Roller CoasterRoller coasters are built to scare us. However, they are supposed to scare us in a way that is controlled. They should be exhilarating, terrifying, accelerative- but ultimately safe. We ride roller coasters in order to feel like we're being hurtled through space in chaotic fashion, but we expect to be calmly rolled back into station after the ride's designated time is up. So when disaster strikes, it blurs a line between designed thrills and the different sort of chaos that sometimes results when all rules are not obeyed.

That was the case last week when an East Canton man foolhardily went traversing prohibited grounds in attempt to retrieve some of his dropped goods. Rules were not obeyed. At Cedar Point’s well-renowned Sandusky location, while riding the famous Rapture roller-coaster, 45-year old area man James Young lost the contents of his pockets. Such is the nature of gravity and pockets without zippers. Despite clear and abundant signage warning customers against exactly this sort of waylaid exploration, James Young mantled over a fence and went searching for his belongings in the dangerous sub-coaster area. Part of the Raptor’s appeal is the high-velocity to which its trains ascend. Couple that with the corkscrews, loop-de-loops and sudden chandelles, and it’s not hard to imagine how Mr. Young was blindsided and struck by the coaster. At 57mph, and built of steel, the force was too much and the impact was, tragically, lethal. The only silver lining to the whole ordeal was that none of the riders involved were injured.

The Dark History of the Cedar Fair Entertainment Company

The Cedar Fair Entertainment Company is a multi-establishment entertainment conglomerate that owns and operates many water, theme and amusement parks across the country. Cedar Point, where the above accident took place, is the second-longest continually-running amusement park in America. Unfortunately, there is a dark side to this otherwise fun-loving company. Many accidents have taken place over the years. However, as the previous account sets-up, and as the following list of incident summaries will go on to prove, the overall fault is shared between theme park operators and the park-goers themselves; sometimes corporate negligence is to blame, and at other times it is a customer's failure to adhere to safety protocol that causes accidents.

Here are some instances of accidents of various cause:

  • In 1984, on the Cedar Creek Mine Ride, a young boy fell from his coaster car during a 30ft. plummet and fractured his skull. This incident seems to establish a neutral ground between the binary of blame outlined above. Sometimes, even when safety equipment is properly engaged by workers and regulations are followed by customers, accidents still happen.
  • In 1998, a man was killed in a manner similar to James Young, though at California’s Great America. He was struck by the legs of a rider as he sought to re-attain belongings he’d dropped while riding a roller coaster. This man, however, spoke only Spanish. The signs in the area were written only in English and so he was unaware of the danger that awaited him. This is an easily rectifiable problem, one that could’ve been avoided had the signs been translated into more languages, catering to a wider customer base.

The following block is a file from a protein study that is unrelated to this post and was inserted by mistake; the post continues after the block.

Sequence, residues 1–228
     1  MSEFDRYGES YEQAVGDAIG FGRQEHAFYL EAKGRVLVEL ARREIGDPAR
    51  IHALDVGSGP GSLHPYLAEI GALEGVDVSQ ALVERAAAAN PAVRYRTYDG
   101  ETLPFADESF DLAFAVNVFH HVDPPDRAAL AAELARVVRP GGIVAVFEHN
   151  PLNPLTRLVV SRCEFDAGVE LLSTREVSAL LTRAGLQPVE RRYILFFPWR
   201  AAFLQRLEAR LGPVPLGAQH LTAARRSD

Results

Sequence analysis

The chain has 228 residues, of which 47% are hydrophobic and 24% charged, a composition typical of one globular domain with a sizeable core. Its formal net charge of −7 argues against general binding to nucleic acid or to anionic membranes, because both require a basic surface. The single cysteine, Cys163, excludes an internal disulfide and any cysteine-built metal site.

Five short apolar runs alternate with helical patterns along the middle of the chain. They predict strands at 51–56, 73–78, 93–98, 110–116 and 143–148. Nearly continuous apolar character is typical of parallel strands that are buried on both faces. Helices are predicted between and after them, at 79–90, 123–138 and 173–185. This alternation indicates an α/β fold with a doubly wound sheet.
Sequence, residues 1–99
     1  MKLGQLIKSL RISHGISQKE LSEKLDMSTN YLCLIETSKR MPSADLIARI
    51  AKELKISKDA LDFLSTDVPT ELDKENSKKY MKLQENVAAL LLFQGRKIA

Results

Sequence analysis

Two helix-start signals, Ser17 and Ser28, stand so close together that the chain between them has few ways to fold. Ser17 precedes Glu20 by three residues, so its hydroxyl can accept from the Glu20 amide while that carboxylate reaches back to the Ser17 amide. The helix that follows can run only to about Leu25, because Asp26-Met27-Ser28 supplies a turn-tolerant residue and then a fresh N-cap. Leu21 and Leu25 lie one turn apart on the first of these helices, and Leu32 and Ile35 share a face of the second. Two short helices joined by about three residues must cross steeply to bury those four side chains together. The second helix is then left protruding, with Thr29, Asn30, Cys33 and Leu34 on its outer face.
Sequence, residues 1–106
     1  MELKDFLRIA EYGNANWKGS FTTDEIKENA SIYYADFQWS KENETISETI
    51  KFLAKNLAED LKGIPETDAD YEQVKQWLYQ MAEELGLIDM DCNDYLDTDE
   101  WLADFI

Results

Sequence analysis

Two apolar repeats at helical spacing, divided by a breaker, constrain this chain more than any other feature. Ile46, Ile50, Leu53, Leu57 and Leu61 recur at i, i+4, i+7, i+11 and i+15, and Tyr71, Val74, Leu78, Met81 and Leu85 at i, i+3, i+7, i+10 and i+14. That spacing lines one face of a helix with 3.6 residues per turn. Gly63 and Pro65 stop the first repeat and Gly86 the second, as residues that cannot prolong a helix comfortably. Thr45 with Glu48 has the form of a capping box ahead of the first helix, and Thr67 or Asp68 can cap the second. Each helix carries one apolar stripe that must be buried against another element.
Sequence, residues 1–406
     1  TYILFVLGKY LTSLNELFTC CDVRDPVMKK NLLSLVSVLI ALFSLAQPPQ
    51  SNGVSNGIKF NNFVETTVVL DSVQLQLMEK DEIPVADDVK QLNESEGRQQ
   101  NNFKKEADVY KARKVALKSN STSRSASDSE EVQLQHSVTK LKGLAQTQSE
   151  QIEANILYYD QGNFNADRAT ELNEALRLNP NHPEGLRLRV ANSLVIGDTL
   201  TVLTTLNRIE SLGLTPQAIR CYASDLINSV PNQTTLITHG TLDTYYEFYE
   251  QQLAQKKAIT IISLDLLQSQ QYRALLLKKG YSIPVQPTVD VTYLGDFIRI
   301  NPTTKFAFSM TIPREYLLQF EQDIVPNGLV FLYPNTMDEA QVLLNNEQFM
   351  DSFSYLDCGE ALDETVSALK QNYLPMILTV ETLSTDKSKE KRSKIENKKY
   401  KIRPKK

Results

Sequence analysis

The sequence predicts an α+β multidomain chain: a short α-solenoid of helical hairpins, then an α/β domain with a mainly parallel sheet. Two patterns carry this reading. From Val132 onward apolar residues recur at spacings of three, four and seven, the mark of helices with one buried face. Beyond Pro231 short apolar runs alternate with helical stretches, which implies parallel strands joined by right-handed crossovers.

• In 1989, two boys leaped out of the Logger’s Run ride, also at California’s Great America. One of the boys died. Certainly blame cannot be leveled at the park for this incident. Unfortunately, the naïveté of young and foolishly adventurous boys was responsible for this tragic event.
  • In July of 2004, metal debris was expelled forcefully from the launch cable of Cedar Point’s Top Thrill Dragster ride as the coaster was deployed. Four passers-by were struck by the high-speed metallic scrap, though all survived. Two were treated on-site and the others brought to a nearby hospital.
  • In 2013, at the Cedar Point location, a water-level calibration error led to one of Snake River Fall’s boats to jump from its water-track.
  • At the Carowinds location, two trains on the Thunder Road ride collided, possibly due to a sensor malfunction.

As you can see, there is a lot of gray area when it comes to the fault assigned in roller coaster accidents. What’s more important than determining blame in each isolated incident is, in the opinion of Kaplan Lawyers PC, that the powers-that-be work together with the individual park operators to keep thrill seekers informed of the rules. If those rules are then enforced stringently, we believe less accidents will occur. In this scenario, everybody wins.

Kaplan Lawyers PC

Roller coaster accidents are incredibly rare. Which is fortunate, because nothing is so disheartening as the stark contraposition between the bright, raucous merriment of a theme park and the grim alternative scene endured by those left to grieve after unspeakable tragedy. Have you or a loved one been injured at a water park or amusement park? Has your day of fun turned into a day of misery because of the malfeasance or neglect of a proprietor? If we can prove that negligence had a hand in your injuries, we may be able to win you compensation. At Kaplan Lawyers PC, we have a team of compassionate and knowledgeable attorneys adept at proving just that. To learn more about your rights, contact us today, and we'll schedule a free consultation.